Obviously, the home may have been 50 years old already as the Wurmsers moved in in 1893- ( ah! a historic home even in Wurmser’s time )- You have to wonder what this renowned architect saw in this house to make it his home- what I wonder appealed to architect’s eye – its symmetry, simple lines, its Federal styling- who knows ? We never will – like his schools and other buildings his thoughts too, are gone………….

So let us take a video stroll through this home in Lorain’s Preservation District ( there is an oxymoron for you)

Come let me show you how Lorain treats America’s historic inventory………..

And another one bites the dust of decay even with its building permit!

Glad “the powers that be” didn’t treat my home town’s history ( London England) with the same lack of respect- we would be in deeper trouble without all those tourist dollars from America every year…………………….

Note: Thanks to Dennis Lamont, Renee Dore and my secret squirrel photographer for all their help and informaton.

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Entry filed under: a Cow -elle opinion, Charleston Village, city of lorain. Tags: , , , , , , , .

The Rant – Pride in Lorain- How about her Historical Worth? Lorain Dude(s)- Lorain Pride- Settlers’ Watch 2012

13 Comments Add your own

  • 1. Lisa  |  May 16, 2012 at 11:14 am

    According to a Zillow search of 1348 West Erie Avenue:
    Nice colonial near Lakeview Park. View of Lake Erie from rear of property. This historic home was designed and built by the famous architect Henry O. Wurmser, and was his personal residence in the early 20th century. Additional separate home on property with one bedroom extra suite. Newer windows in home. Home needs painting and cleaning. Could be a beautiful colonial with some updates. Fireplace and hardwood floors.
    Last sold: Feb 2001 for $93,000
    They estimate the current value at $42,000.

    (lol @ “home needs painting and cleaning” – ya think?)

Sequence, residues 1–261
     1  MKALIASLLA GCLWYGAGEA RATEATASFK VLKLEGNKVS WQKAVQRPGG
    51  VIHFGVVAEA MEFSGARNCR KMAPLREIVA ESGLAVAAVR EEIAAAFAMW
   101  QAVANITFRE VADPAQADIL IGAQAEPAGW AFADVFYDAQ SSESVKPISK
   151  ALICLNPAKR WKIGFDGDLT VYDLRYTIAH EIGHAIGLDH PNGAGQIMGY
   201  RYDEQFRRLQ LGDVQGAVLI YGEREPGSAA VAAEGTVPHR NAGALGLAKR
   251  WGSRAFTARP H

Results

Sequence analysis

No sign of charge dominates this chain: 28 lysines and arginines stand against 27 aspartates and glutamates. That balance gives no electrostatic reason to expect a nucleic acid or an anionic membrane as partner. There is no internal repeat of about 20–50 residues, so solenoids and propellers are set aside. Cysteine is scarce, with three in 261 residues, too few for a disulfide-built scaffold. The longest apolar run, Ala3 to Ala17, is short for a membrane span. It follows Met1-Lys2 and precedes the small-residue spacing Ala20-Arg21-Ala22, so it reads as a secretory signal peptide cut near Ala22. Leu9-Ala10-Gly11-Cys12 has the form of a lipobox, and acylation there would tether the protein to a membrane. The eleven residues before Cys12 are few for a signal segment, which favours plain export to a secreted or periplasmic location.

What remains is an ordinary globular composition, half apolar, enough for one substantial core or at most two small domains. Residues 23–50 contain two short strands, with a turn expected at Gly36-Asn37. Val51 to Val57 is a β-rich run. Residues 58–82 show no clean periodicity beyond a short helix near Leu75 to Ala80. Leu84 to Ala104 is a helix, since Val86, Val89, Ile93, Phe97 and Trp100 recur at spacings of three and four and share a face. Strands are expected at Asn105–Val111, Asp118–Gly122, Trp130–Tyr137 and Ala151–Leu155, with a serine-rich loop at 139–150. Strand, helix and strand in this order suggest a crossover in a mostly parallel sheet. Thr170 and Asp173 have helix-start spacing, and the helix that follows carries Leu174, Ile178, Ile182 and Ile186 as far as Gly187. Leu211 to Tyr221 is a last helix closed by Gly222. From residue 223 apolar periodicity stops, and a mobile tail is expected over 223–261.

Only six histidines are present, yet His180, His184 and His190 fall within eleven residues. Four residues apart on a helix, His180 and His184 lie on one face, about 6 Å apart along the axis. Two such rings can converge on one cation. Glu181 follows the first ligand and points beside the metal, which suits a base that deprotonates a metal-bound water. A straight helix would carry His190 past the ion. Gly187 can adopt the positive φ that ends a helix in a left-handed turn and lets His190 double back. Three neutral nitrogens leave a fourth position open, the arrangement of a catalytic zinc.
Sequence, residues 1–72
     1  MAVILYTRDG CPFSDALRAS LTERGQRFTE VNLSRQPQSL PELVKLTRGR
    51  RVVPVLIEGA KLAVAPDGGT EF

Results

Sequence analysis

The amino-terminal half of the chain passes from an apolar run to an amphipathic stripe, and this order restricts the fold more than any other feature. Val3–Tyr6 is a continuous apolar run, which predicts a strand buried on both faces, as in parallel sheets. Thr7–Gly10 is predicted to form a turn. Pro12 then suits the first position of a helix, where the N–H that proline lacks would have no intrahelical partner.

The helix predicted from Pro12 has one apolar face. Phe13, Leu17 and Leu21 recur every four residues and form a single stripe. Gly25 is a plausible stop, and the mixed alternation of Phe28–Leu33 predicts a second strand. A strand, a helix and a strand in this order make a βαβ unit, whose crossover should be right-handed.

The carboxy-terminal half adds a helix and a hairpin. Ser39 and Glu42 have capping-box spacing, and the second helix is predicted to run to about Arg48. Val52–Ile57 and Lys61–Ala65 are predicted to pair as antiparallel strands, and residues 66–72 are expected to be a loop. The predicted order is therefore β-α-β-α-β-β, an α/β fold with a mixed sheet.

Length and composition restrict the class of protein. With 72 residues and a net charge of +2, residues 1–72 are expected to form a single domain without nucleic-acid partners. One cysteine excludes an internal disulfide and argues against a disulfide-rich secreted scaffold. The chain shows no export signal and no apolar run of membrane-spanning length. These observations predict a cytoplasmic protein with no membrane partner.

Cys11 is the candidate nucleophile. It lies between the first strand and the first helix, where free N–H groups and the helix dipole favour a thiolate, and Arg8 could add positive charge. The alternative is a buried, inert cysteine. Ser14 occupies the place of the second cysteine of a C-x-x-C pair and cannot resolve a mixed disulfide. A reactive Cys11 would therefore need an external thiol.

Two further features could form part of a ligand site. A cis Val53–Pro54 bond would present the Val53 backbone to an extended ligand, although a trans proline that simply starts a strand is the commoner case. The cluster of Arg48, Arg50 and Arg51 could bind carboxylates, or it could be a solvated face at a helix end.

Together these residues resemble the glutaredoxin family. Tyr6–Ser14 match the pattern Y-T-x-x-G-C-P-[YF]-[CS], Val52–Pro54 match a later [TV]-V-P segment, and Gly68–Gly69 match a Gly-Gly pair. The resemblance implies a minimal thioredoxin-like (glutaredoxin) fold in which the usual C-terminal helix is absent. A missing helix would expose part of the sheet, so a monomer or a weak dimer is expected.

The realtor’s website lists 14 other properties on West Erie but not this one. The auditor’s website shows that the property taxes are current on Parcel: 02-02-027-105-007.

    Thanks for the clarification – I thought Wurmser built this house, too. Here he was just another tenant in what has been allowed to become a typical Lorain house.

  • 2. Brian  |  May 16, 2012 at 11:23 am

    I have driven by the house in this story a hundred times or more. While it appears to be a cute house, it has been re-sided with vinyl siding and if it was going to go to “historical condition” someone is going to have to “unwrap” the present.

    Inside wise, it would have been nice if there was a better representation of what the wood floors looked like. When redoing a house, it is typically best to go from the ceilings down, but the floors “can talk” if you can see them and are a major part of any restoration.

    While I didn’t see the basement in the video, I assume there is one. I have worked on other homes in that neighborhood many years ago, that is the area where I adopted the “Chair”. The basements on that side of West Erie are typically in better shape than the ones to the southern side because the storm water drains off much quicker because of geography.